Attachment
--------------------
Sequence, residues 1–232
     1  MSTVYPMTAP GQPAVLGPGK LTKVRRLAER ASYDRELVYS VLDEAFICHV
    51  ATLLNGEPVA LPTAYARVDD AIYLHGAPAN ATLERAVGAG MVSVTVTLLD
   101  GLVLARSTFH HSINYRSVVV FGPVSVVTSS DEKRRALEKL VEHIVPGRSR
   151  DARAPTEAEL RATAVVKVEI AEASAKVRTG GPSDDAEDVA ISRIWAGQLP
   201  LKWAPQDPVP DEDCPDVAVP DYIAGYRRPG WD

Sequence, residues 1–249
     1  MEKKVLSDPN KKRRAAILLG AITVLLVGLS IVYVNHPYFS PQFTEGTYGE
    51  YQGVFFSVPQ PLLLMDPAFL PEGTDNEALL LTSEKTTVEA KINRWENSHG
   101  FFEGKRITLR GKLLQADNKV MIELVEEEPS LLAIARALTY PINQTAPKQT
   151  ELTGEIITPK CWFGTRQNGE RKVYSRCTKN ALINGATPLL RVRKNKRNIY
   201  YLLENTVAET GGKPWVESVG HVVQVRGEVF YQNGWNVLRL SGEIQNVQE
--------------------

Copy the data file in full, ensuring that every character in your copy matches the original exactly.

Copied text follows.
Sequence, residues 1–232
     1  MSTVYPMTAP GQPAVLGPGK LTKVRRLAER ASYDRELVYS VLDEAFICHV
    51  ATLLNGEPVA LPTAYARVDD AIYLHGAPAN ATLERAVGAG MVSVTVTLLD
   101  GLVLARSTFH HSINYRSVVV FGPVSVVTSS DEKRRALEKL VEHIVPGRSR
   151  DARAPTEAEL RATAVVKVEI AEASAKVRTG GPSDDAEDVA ISRIWAGQLP
   201  LKWAPQDPVP DEDCPDVAVP DYIAGYRRPG WD

Sequence, residues 1–249
     1  MEKKVLSDPN KKRRAAILLG AITVLLVGLS IVYVNHPYFS PQFTEGTYGE
    51  YQGVFFSVPQ PLLLMDPAFL PEGTDNEALL LTSEKTTVEA KINRWENSHG
   101  FFEGKRITLR GKLLQADNKV MIELVEEEPS LLAIARALTY PINQTAPKQT
   151  ELTGEIITPK CWFGTRQNGE RKVYSRCTKN ALINGATPLL RVRKNKRNIY
   201  YLLENTVAET GGKPWVESVG HVVQVRGEVF YQNGWNVLRL SGEIQNVQE